“A recent study by Kraft Mac & Cheese revealed that 74% of moms say they’ve sworn in front of their kids. If you’re one of the 26% who say they’ve never sworn in front of their kids, you’re full of shit. Anyway…”
That’s certainly one way of starting off an ad for good ‘ol KD.
For this Mother’s Day, Kraft wants moms to swear like “mother trucking melonfarmers.” Created by agency CP+B Boulder, Kraft teamed up with Melissa Mohr, author of Holy Sh*t: A Brief History of Swearing to encourage moms to let loose a little and stop the judgement (yup, even the self-inflicted kind too).
We’re not sure how the brand landed on lines like “flippin’ goofnuggets” or “get off your monkeyflunking tablet” but beneath the surface lies some pretty purposeful values mixed with product.
This is what captured our minutes this week.
1. The ad gets real about moms.
And what moms want.
Here’s the things about Mother’s Day messaging: it’s usually floral (groundbreaking), pink and purple-hued and has something to do with perfume.
It. Never. Changes.
The unfortunate thing about this messaging is that it’s not totally representative of a mom’s wants, nor is it particularly representative of their actual day-to-day responsibilities.
While it’s of course nice to promote the idea of pampering mom on her special day, it doesn’t always help generate real connections with those amazing women who do so much for us all. The typical messaging is also completely guilty of being a straight up pitch-slap.
It’s nothing more than “here’s this product, buy it for your mom.”
This not only diminishes the meaning of the brand, it also loses value to audiences.
People want meaningful connections that heighten how they feel themselves and the world around them.
Kraft does this by highlighting moms everywhere in a real light. These are moms who swear. Moms who step on lego. Moms who are just trying to get you to soccer practice on time.
Instead of creating the “ideal” for moms on Mother’s Day, Kraft says it’s ok to not always having all the loose ends together. Yes, KD does show up in the video. But the product’s screen time is minimal.
In fact, it helps strengthen the “moms don’t have to be perfect” message by positioning itself as the perfect complement to a busy mom’s lifestyle.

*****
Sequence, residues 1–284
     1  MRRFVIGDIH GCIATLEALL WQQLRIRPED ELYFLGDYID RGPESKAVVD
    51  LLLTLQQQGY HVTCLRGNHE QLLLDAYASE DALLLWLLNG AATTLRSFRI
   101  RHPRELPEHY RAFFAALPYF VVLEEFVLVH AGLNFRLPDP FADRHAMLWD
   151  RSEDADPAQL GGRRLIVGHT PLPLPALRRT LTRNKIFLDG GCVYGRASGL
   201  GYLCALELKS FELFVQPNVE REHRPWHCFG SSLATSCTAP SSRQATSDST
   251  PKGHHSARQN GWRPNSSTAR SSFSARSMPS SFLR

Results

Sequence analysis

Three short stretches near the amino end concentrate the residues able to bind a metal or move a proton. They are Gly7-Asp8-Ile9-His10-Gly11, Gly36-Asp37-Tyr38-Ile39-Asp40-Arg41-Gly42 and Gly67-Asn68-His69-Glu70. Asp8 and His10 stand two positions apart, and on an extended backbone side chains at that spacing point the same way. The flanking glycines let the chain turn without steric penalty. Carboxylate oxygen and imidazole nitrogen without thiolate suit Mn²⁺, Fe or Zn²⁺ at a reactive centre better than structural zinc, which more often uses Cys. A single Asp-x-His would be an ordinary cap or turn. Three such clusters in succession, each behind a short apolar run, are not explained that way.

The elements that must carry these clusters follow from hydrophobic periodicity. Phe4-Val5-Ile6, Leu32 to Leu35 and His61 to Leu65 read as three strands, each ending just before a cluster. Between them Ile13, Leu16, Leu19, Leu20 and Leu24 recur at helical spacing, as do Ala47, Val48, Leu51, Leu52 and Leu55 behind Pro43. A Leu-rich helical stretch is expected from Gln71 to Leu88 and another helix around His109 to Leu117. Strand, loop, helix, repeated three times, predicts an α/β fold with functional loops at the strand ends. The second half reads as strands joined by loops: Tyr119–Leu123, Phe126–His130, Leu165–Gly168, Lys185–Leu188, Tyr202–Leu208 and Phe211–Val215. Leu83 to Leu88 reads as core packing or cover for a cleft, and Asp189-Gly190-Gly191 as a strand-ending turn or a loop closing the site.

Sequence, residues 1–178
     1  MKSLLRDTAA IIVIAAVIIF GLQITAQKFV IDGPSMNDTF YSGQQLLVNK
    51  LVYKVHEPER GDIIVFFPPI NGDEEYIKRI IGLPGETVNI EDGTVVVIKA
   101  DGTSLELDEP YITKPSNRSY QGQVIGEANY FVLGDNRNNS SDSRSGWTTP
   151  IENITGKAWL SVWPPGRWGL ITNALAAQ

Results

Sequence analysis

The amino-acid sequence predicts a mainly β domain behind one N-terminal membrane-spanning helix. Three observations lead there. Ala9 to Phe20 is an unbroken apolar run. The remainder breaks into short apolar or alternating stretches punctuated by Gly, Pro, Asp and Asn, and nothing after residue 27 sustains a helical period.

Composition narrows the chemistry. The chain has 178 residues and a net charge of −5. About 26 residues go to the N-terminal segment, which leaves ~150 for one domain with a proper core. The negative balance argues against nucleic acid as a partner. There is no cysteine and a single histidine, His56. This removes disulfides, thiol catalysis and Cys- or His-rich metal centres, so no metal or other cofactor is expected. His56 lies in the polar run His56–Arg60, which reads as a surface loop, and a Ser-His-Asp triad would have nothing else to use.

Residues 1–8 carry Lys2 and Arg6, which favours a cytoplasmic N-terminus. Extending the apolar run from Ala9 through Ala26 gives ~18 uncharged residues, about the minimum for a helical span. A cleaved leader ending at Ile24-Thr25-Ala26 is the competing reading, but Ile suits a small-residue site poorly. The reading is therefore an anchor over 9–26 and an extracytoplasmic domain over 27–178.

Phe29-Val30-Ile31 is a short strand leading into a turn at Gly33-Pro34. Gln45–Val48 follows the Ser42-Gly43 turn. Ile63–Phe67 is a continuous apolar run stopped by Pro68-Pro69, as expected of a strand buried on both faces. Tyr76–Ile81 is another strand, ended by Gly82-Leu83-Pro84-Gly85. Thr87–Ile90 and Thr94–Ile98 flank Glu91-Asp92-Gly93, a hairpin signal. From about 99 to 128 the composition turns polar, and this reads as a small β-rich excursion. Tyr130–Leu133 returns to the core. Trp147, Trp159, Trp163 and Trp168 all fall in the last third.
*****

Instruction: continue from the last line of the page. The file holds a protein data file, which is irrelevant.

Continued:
Now that’s how to place a product in a meaningful way. #NoJudgement
2. Kraft took a clever departure from its own previous messaging.
Swearing?! From Kraft, the family brand?!
Expletives are on the rise, people. It might be shocking coming from a brand that typically remains on the G-rated side of humour, but this departure actually works really well for Kraft.
While a lot of Kraft products are kid and teen favourites, the people who are actually doing the buying and making of the product are the parents a lot of the time.
This move works well at broadening the brand. Face it: parents swear too. And frankly, people are tired of the neat and tidy copywriting that’s been edited within an inch of its life.
Increasingly, audiences are drawn to the real and the raw as opposed to a “clean” version of the every day.
If one looks, there’s usually a tasteful way of throwing in a cuss word or two (but only if it’s on-brand). In this case, it’s great because it makes Kraft look less PR’d and less safe.
The swearing isn’t overt but is just enough to refresh peoples’ perceptions of the food brand and reinvigorate their expectations.
Now cut the horse-hockey, and pass the flippin’ mac and cheese.
Well done to Kraft and CP+B Boulder for taking the lead on Mother’s Day messaging. We were so tired of that shit-ake mushrooms of days past.
At the end of the day, people engage with content by lending their minutes. Content is successful when its battery is fully charged with attention.